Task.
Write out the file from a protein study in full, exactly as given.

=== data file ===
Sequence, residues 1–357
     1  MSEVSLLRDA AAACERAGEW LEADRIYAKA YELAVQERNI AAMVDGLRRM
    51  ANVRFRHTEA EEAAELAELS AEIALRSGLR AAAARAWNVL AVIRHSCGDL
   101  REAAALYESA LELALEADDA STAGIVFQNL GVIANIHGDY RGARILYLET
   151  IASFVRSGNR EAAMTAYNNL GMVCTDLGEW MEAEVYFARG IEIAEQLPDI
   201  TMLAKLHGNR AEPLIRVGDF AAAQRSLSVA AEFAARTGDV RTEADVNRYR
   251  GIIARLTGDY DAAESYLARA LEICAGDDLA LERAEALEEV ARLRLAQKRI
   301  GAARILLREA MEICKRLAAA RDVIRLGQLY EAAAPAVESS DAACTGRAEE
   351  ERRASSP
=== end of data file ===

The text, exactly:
Sequence, residues 1–357
     1  MSEVSLLRDA AAACERAGEW LEADRIYAKA YELAVQERNI AAMVDGLRRM
    51  ANVRFRHTEA EEAAELAELS AEIALRSGLR AAAARAWNVL AVIRHSCGDL
   101  REAAALYESA LELALEADDA STAGIVFQNL GVIANIHGDY RGARILYLET
   151  IASFVRSGNR EAAMTAYNNL GMVCTDLGEW MEAEVYFARG IEIAEQLPDI
   201  TMLAKLHGNR AEPLIRVGDF AAAQRSLSVA AEFAARTGDV RTEADVNRYR
   251  GIIARLTGDY DAAESYLARA LEICAGDDLA LERAEALEEV ARLRLAQKRI
   301  GAARILLREA MEICKRLAAA RDVIRLGQLY EAAAPAVESS DAACTGRAEE
   351  ERRASSP